Special Risks for Long-Haul Truckers
Long-haul truckers are twice as likely to be obese as other working adults. Additionally, they are more likely to smoke and suffer from other risk factors for chronic disease, says a new study.
Obesity and Other Risk Factors
The National Survey of U.S. Long-Haul Truck Driver Health and Injury is said to be the “first to provide a comprehensive look at the health status, risk factors, and work practices of long-haul truck drivers in the U.S.,” according to the National Institute for Occupational Safety and Health.
Long-haul truck drivers are defined as “professional drivers of heavy and tractor-trailer trucks whose delivery routes require them to have to take sleep breaks away from home.” They accounted for 56 percent of all production and nonsupervisory employees in the truck transportation industry in 2011. The limited data available for their illness and injury rates prompted the study.
NIOSH researchers surveyed 1,670 long-haul truck drivers at 32 truck stops across the country in 2010. Their findings were published in the American Journal of Industrial Medicine.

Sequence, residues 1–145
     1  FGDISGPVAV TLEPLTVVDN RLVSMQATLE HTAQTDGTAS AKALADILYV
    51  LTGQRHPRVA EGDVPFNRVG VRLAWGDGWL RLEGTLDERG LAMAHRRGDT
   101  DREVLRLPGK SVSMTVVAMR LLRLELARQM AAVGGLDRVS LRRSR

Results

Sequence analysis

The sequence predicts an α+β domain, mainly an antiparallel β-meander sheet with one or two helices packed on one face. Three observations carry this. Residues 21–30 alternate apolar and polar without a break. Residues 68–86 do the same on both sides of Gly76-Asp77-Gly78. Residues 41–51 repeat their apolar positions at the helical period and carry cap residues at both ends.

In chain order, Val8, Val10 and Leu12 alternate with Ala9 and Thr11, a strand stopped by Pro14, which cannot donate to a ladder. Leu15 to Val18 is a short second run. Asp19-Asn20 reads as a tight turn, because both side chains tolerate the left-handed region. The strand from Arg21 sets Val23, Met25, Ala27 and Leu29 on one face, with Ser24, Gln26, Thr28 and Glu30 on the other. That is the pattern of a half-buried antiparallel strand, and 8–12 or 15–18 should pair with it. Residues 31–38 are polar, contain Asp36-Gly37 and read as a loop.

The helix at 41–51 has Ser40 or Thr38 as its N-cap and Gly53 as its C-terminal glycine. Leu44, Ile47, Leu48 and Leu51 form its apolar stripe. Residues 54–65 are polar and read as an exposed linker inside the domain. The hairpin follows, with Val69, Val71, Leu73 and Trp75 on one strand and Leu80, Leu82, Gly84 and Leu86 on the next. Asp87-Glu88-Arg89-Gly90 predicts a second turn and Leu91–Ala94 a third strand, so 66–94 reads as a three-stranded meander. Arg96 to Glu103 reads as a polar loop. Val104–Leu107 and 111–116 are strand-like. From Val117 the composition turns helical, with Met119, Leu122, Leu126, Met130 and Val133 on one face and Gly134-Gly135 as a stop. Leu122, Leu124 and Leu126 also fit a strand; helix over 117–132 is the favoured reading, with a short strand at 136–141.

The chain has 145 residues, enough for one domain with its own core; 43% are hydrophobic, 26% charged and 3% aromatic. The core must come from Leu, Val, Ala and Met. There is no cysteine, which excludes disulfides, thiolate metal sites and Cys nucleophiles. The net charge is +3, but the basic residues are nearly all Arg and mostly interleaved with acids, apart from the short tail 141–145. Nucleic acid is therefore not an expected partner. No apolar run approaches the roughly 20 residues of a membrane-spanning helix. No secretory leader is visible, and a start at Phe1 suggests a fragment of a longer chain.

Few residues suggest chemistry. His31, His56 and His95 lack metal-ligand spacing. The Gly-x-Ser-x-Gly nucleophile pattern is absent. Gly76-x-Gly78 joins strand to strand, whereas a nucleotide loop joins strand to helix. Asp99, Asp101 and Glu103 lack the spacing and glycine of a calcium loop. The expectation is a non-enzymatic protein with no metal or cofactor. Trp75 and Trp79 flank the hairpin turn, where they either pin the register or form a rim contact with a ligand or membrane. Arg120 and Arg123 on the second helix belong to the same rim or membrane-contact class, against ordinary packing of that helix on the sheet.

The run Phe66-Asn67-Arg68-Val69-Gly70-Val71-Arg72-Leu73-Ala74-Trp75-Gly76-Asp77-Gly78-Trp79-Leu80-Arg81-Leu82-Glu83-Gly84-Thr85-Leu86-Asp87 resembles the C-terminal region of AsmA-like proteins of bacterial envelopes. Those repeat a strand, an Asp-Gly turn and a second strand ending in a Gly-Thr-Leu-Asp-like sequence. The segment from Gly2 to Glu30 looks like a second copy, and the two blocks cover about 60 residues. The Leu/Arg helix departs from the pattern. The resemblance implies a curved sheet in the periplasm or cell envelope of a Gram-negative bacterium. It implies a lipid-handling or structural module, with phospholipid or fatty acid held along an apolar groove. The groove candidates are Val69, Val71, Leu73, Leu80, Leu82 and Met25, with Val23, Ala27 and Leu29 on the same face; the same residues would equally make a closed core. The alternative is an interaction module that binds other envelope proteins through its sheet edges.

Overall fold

They found the following results:
- 69 percent were obese.
- 54 percent smoked.
- 88 percent reported having at least one risk factor — hypertension, smoking, obesity — for chronic disease compared to only 54 percent of the general U.S. adult working population.
“The data collected from this survey will help to establish a picture of the health conditions, risk factors, and work practices for U.S. long-haul truck drivers, giving the trucking industry and researchers valuable information to guide health and safety efforts,” NIOSH said.